Furthermore, ALA mentioned that libraries have spent over $40 billion on digital content over the past 10 years.  However, they provided an example of how eBook providers and publishers are setting the prices and terms for libraries.  The statement noted the eBook The Codebreakers by David Kahn is priced to consumers for $59.99 for a lifetime.  Yet, the same eBook cost the library $239.99 for one copy, which can only be lent to one person at a time and the library can only keep the eBook for two years.  Furthermore, if the library would like to extend the term for four years, the library would pay $479.98 or for 20 years the library would pay $2,399.90.  ALA also addressed the terms excluding libraries from titles or allowing accesses to titles after release dates, “Denying or delaying new content to libraries certainly is a market failure.  It also prevents libraries from accomplishing their democratizing mission of providing equal access to information to American citizens” (ALA, 2019).

The indifferences between the libraries and the public consumers of eBooks by the eBook providers is significant, as indicated by the ALA statement to the U.S. House of Representatives.  This is also evident in lawsuits against Apple, Amazon, and other leading publishers regarding eBook price fixing a few years ago, which is encouraging state lawmakers to intervene on behalf of libraries.

State Legislation

Maryland, New York, and Rhode Island are the first states to lead the initiative against eBook publishers and providers on behalf of the libraries.  On January 26, 2021, the New York Senate introduced a bill (S2890B, 2021) to address the different agreements between publishers and libraries.  The bill titled “An act to amend the general business law, in relation to requiring publishers to offer licenses for electronic books to libraries under reasonable terms” addressed several issues with the terms set forth by eBook providers.  First, “A limitation on the number of users to whom the libraries may simultaneously provide access to the electronic books.”  Second, “A limitation on the number of days the libraries may provide a user with access to the electronic books.”  Third, “The use of technological protection measures that would prevent a user from (A) maintaining access to the electronic books beyond the access period set forth in the license, and (B) providing other users with access to the electronic books.”  In addition, the bill stated, “such reasonable terms shall not include a limitation on the number of licenses for electronic books libraries may purchase at the same date available to the public.”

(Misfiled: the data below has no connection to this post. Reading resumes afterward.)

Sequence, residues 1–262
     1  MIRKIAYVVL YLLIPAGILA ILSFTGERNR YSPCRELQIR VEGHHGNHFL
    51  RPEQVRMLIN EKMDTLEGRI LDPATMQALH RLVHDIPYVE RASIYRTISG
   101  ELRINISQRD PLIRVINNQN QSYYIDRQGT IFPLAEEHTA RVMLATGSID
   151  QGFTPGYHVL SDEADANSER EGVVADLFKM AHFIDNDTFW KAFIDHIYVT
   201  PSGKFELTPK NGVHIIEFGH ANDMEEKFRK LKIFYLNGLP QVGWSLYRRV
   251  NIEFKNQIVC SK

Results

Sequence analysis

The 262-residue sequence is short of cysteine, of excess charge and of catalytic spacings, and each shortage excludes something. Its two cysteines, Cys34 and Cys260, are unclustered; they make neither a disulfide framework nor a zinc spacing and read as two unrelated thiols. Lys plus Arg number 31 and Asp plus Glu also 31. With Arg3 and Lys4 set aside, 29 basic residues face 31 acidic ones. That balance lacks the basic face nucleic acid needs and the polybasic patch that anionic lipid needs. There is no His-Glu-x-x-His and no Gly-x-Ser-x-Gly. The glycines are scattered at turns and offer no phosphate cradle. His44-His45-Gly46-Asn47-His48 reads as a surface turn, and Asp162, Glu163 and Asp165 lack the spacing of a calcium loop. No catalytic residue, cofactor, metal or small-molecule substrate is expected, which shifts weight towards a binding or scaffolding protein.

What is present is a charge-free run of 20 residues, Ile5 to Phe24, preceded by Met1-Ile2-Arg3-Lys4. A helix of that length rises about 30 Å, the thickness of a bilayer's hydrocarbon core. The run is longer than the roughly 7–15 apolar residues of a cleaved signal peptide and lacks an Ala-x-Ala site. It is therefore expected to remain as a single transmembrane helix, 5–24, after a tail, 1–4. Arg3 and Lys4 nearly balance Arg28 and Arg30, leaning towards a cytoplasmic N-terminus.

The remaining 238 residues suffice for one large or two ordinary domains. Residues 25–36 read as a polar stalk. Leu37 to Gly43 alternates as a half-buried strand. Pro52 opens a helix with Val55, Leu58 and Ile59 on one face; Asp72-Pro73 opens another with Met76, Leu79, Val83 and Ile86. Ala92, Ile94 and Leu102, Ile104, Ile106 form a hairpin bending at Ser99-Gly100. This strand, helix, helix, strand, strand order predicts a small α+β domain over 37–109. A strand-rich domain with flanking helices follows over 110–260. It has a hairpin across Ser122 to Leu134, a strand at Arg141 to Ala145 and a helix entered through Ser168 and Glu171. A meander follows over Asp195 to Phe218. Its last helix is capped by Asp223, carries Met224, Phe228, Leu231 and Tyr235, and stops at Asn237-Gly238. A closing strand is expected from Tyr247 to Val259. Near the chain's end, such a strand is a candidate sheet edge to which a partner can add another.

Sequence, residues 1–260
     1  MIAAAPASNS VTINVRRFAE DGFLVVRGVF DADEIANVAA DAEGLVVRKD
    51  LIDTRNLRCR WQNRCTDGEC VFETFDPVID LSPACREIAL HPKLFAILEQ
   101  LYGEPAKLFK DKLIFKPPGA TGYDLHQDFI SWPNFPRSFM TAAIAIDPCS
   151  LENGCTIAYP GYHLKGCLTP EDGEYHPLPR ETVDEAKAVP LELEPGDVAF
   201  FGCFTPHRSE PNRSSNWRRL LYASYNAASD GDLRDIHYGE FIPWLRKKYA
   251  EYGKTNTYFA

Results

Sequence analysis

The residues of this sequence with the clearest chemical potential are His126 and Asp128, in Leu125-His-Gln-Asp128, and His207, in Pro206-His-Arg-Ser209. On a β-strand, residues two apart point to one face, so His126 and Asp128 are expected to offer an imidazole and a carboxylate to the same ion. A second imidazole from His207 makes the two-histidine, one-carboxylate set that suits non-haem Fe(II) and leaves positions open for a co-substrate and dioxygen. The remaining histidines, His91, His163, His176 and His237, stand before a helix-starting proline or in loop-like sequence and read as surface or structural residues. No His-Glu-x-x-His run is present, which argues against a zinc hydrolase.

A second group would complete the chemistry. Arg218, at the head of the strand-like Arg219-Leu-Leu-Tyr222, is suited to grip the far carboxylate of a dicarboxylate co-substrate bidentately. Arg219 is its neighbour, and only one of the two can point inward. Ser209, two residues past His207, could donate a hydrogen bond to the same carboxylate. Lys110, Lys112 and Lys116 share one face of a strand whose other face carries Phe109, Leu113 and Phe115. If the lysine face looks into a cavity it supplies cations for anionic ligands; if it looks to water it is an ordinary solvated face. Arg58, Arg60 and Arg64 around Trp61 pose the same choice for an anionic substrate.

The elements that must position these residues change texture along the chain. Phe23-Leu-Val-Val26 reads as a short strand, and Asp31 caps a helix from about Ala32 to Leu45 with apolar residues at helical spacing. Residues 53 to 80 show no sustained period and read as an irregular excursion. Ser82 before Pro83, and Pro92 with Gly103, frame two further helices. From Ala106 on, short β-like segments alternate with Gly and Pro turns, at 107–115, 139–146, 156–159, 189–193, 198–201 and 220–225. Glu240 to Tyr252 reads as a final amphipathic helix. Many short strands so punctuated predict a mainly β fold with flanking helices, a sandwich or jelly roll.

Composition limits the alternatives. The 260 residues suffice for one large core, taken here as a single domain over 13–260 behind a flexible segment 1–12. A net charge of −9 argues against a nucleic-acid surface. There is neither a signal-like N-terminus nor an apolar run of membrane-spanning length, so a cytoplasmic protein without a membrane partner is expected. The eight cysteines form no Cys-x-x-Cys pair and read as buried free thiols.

Despite the bill being passed unanimously in the New York Assembly and strongly supported by the New York Library Association, the bill was vetoed by the New York Governor Kathy Hochul (D).  The president of ALA Patty Wong noted the disappointment in the governor’s veto, “Governor Hochul’s decision to veto S2890B/A5837B is unfortunate and disappointing.  Protecting New Yorkers’ access to digital books through the library is critical to ensuring equitable access to information for all” (ALA News, 2022).  The statement from ALA also noted that they will continue to negotiate directly with publishers regarding eBooks, while they continue to work with federal and state agencies to advocate for libraries. 

While New York was the second state to introduce an eBook regulation bill in support of libraries, Maryland was the first state to create similar legislation, which was approved by the legislators and Governor Larry Hogan (R).  However, even before the bill was passed, the Association of American Publishers (AAP) provided written testimony in opposition, which they later filed a lawsuit against Brian E. Frosh (the Attorney General of the State of Maryland) on December 9, 2021.  The AAP’s argument was that the law was mandating any eBook licensed to a consumer in Maryland also had to provide a license to the Maryland libraries for a “reasonable term,” which was forcing a transaction and therefore unconstitutional due to their right to distribute copyrighted works.  

Judge Deborah L. Boardman ruled in favor of the publishers and was noted in the opinion that granted the injunction, because the publishers challenged the Maryland Law “that requires publishers who offer to license ‘electronic literary products’ to ‘the public’ to offer to license the same products to Maryland public libraries on ‘reasonable terms.’” (Price, 2022).  The preliminary junction was issued and became permanent in April 2022, as the Maryland Attorney General concluded that the state would no longer pursue the lawsuit any further, which officially ended the law.